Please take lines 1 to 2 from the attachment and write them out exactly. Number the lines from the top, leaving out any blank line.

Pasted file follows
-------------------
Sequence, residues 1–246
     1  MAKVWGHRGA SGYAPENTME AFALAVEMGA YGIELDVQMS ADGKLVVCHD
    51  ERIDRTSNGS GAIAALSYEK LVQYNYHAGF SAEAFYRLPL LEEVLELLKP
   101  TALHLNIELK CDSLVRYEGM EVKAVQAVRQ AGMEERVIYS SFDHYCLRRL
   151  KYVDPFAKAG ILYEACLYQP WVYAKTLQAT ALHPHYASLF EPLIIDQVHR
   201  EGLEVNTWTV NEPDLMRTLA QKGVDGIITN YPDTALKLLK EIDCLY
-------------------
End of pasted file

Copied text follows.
Sequence, residues 1–246
     1  MAKVWGHRGA SGYAPENTME AFALAVEMGA YGIELDVQMS ADGKLVVCHD